How much better for the environment are electric vehicles compared to petrol and diesel cars?
Over its lifetime, one ‘simply cannot be more polluting than its petrol or diesel equivalent,’ according to a new in-depth report by Imperial College London.
It claimed that pure electric plug-in models on average emit just one quarter of the carbon dioxide produced by conventional cars with a combustion engine.
And even when you factor in the carbon footprint required to produce their batteries, electric models still emit half as much CO2 as a petrol or diesel-engined car over the course of their life cycle, the university said.
Twice as green as petrol and diesel: A new report says electric cars produce half as much carbon dioxide over their lifespace, even when taking into account battery production
The debate around the green credentials of electric cars is a hot topic right now as Britain gradually moves towards its target of being carbon neutral by 2050.
However, this latest study, conducted in partnership with Drax Electric Insights, claims the electrified vehicles used on Britain’s roads today are already much greener than traditional cars with conventional engines over a life cycle of 150,000 kilometres (93,000 miles).
The report calculates that it takes just two to three years of zero-emission travel for electric cars to compensate for the carbon dioxide output required to produce the batteries that power them.
However, not all electric cars are the same and the carbon payoff depends on the model, with big luxury motors with long ranges, such as a Tesla Model or Jaguar iPace, taking longer.
Smaller EVs with fewer batteries – and therefore shorter ranges – are the most eco-friendly, while larger models with more battery packs loaded into them to extend the driving distances between charges take longer to offset their CO2 production.
In fact, it says the carbon dioxide emitted during the production of batteries for premium EV models is the equivalent of three around-the-world flights, or the CO2 required to charge the batteries over 15 years (10,000 kilometres per year) of use.
Nonetheless, they too remain greener over their lifetime that a petrol or diesel equivalent.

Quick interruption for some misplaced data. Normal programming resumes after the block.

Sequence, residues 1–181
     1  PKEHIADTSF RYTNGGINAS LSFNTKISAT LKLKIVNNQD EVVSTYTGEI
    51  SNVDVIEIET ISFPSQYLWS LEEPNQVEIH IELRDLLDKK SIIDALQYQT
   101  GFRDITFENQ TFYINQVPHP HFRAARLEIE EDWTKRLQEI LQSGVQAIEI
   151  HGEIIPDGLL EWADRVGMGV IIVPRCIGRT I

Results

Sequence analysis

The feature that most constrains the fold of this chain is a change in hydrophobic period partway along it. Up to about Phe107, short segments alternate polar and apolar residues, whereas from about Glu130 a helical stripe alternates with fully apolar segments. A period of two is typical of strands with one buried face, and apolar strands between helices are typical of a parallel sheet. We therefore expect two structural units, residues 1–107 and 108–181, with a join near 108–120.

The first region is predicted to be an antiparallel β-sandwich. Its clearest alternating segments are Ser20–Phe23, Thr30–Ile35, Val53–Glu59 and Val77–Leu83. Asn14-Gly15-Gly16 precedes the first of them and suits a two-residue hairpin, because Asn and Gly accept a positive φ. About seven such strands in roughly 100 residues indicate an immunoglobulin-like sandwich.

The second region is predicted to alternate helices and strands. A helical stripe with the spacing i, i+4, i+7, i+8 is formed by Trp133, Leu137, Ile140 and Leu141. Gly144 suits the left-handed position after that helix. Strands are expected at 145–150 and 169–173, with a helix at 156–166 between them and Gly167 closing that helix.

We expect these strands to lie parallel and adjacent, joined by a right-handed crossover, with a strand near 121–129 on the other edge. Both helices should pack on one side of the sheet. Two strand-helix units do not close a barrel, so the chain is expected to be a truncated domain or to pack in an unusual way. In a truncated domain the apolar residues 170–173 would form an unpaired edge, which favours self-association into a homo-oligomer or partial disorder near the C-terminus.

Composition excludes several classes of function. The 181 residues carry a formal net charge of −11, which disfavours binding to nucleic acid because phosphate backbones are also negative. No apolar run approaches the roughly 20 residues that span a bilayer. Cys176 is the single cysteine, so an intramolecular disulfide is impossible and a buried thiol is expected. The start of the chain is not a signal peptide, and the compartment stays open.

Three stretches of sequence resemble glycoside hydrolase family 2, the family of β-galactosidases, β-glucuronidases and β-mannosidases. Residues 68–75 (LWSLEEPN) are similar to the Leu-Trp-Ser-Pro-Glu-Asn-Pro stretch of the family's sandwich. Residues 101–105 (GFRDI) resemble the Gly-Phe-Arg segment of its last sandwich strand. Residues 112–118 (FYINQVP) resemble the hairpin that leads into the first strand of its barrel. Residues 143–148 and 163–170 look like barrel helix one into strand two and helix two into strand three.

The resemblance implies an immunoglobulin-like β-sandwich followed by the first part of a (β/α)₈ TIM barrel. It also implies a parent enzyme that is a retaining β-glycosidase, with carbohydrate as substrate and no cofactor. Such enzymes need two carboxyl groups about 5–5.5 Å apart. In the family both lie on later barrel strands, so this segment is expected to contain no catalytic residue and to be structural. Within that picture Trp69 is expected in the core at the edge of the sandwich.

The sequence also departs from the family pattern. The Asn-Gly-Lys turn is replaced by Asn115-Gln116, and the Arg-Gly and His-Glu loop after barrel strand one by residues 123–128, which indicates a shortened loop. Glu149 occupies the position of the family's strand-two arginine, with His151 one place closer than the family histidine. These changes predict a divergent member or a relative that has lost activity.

The report said it takes less than 3 years of zero-emission travel for electric cars to offset the carbon dioxide output required to produce the batteries that power them
Dr Iain Staffell from Imperial College London said an electric vehicle in the UK ‘simply cannot be more polluting than its petrol or diesel equivalent’
Fortunately, Britain is said to be leading the way with decarbonation efforts – and that means electric cars are only going to become more eco-friendly than petrol and diesel equivalents.
With wind, solar, biomass and hydro-electricity contributing for 55 per cent of National Grid demand on 30 June 2019, it says the UK is well on the way to hitting the Government’s net-zero carbon target in just over 30 years’ time.
At the increased rate of renewable energy production, the report estimates that EVs will be responsible for a tenth of the CO2 of a petrol car in five years’ time.
In a statement for the report, Dr Iain Staffell from Imperial College London said: ‘EVs have real potential to reduce our carbon footprint and help meet our net-zero carbon ambitions, despite some speculation about how clean they really are.
‘An electric vehicle in the UK simply cannot be more polluting than its petrol or diesel equivalent, even when taking into account the upfront ‘carbon cost’ of manufacturing their batteries.’
Premium models with lots of batteries, such as the Jaguar I-Pace – which stores battery packs in the chassis floor (pictured), take longer to pay off the CO2 output required to produce them
The report said the carbon dioxide emitted during the production of batteries for premium EV models is the equivalent of three around-the-world flights
He added: ”The carbon content of Britain’s electricity has halved in recent years and keeps on falling, whereas conventional engine vehicles have very limited scope to reduce emissions over their lifetime.
‘Any EV bought today could be emitting just a tenth of what a petrol car would in as little as five years’ time, as the electricity it uses to charge comes from an increasingly low-carbon mix.’
There are around 200,000 electric models on Britain’s roads with one in 40 cars sold being plug-in cars – a third pure electric models and two thirds hybrids.
And this figure is expected to expand ten-fold over the next five to ten years, says National Grid Future Energy Scenarios report.
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